Councillors are calling for signs to be erected in the National Park to highlight the potential risk of Lyme Disease.

Lyme disease is an infection that is transmitted by a bite from an infected tick carrying the bug. It is named after the town in Connecticut, USA where the first cases of the condition were identified.

The infection is generally mild, affecting only the skin, but can sometimes be more severe, leading to more serious illness and even death.

There have been an increased numbers of people suffering from the disease in the Killarney area according to  HSE figures. Eight of the 19 cases reported nationally to mid-December 2016 occurred in Kerry and Cork, figures released by the HSE show.

The issue is particularly relevant to Killarney National Park as deer are considered prime carriers of infected ticks.

“Due to the continued risk of Lyme Disease, I am requesting that in conjunction with the NPWS, that appropriate signage be erected at all entrances from public areas to Killarney National Park outlining advice on ticks and the necessary precautions and what to look out for,” said councillor Brendan Cronin at the Municipal District of Killarney members meeting on last week.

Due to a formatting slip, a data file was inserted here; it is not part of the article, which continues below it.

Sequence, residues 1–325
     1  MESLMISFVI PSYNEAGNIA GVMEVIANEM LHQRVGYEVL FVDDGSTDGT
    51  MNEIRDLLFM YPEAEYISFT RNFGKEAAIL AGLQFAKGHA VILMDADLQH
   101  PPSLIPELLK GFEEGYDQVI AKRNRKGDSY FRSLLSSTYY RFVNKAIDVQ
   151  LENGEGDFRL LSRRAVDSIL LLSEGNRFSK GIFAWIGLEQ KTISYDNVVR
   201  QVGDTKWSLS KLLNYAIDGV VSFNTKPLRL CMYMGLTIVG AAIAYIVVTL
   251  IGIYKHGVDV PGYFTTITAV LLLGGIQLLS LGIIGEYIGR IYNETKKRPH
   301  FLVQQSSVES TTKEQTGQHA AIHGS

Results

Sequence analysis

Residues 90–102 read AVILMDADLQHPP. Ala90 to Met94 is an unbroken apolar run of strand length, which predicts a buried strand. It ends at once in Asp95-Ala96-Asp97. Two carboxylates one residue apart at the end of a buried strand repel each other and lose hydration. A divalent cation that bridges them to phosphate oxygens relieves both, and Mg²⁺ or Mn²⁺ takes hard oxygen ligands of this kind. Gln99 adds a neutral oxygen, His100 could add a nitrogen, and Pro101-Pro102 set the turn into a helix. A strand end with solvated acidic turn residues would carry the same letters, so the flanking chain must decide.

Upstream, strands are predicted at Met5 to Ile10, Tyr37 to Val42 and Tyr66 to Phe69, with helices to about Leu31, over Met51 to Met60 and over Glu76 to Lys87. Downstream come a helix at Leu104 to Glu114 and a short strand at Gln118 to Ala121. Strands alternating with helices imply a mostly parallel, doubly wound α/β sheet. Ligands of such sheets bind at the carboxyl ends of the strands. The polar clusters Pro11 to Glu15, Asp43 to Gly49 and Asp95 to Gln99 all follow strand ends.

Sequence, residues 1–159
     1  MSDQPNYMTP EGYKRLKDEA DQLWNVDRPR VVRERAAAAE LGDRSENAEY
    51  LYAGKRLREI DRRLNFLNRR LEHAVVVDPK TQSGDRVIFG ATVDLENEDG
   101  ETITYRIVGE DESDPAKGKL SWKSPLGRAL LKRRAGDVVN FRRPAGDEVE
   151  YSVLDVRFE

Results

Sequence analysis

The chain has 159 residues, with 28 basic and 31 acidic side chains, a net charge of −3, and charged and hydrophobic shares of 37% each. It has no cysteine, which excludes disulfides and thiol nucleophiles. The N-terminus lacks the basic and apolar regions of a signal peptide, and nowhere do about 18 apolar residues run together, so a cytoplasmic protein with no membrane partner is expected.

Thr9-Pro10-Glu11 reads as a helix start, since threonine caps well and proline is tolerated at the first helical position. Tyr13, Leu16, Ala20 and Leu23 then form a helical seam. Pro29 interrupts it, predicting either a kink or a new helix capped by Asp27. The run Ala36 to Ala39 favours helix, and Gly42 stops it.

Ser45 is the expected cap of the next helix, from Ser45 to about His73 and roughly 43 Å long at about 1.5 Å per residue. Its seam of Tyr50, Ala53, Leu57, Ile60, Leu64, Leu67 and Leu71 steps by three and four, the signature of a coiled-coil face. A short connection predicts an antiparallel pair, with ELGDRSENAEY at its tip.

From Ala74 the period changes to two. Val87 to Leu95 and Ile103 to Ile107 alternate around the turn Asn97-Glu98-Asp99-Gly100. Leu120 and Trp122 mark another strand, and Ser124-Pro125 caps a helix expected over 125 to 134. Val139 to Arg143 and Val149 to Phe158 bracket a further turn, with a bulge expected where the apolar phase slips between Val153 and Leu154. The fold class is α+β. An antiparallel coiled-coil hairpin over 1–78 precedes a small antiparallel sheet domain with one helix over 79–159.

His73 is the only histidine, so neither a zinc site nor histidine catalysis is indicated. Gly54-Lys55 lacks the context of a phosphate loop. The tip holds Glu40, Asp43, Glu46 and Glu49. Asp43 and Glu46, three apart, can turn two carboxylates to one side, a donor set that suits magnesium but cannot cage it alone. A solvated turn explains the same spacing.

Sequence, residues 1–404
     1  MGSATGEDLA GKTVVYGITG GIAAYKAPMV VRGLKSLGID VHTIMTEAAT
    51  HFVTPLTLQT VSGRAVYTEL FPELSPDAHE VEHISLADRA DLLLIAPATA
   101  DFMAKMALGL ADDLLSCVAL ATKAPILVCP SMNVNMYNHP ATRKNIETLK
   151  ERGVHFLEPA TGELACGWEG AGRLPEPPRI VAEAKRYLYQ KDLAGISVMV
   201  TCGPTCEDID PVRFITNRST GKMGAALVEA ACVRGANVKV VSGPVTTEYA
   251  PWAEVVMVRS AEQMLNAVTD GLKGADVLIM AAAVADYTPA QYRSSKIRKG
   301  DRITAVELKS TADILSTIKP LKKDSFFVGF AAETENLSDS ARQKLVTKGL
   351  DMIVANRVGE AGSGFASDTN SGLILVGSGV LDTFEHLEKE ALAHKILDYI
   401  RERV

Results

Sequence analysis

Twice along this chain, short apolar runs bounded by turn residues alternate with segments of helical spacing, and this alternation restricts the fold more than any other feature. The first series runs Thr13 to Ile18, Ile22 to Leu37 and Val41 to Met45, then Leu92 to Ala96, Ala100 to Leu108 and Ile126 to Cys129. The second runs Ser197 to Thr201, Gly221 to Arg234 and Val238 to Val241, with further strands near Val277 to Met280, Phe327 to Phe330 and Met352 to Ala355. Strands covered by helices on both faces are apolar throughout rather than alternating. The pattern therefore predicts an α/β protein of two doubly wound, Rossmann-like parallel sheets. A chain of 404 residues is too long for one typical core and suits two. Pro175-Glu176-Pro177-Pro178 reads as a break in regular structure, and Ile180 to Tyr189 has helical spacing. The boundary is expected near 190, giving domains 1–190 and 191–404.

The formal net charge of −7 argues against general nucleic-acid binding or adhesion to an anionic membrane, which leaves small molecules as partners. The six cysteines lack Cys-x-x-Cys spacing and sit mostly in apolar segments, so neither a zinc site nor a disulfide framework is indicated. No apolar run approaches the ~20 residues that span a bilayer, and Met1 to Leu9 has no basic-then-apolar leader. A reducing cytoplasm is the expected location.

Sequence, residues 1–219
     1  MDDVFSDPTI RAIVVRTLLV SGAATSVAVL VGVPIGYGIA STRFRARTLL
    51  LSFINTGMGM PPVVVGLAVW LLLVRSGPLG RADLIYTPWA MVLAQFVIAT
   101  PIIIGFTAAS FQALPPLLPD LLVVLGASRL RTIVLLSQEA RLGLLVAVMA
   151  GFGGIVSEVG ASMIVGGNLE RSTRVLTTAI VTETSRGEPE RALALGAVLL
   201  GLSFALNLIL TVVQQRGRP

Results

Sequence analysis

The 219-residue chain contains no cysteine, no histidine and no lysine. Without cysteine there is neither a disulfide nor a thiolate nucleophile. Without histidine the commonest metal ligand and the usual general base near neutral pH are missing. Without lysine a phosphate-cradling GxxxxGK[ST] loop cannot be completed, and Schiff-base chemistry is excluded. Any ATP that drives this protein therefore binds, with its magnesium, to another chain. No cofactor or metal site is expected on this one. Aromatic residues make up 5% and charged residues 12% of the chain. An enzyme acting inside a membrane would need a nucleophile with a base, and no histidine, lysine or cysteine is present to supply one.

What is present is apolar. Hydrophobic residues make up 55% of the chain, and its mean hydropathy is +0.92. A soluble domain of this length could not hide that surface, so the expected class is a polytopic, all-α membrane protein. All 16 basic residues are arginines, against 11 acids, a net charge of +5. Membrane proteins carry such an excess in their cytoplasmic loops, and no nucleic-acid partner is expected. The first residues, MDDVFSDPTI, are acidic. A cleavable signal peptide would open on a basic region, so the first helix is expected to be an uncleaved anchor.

Kerry County Council is seeking advice from the HSE in relation to signs at the  entrance to the national park.  However, Kerry County Council is not the health body for the county. Last month the council placed Algae warning signs on the shores of some the park’s lakes in its capacity as the county’s environmental protection agency.

It is understood that the local branch of the National Park and Wild Life Service see the problem as a national one and placing such signs on the entrance of the park may deter people from entering and enjoying the natural amenities.

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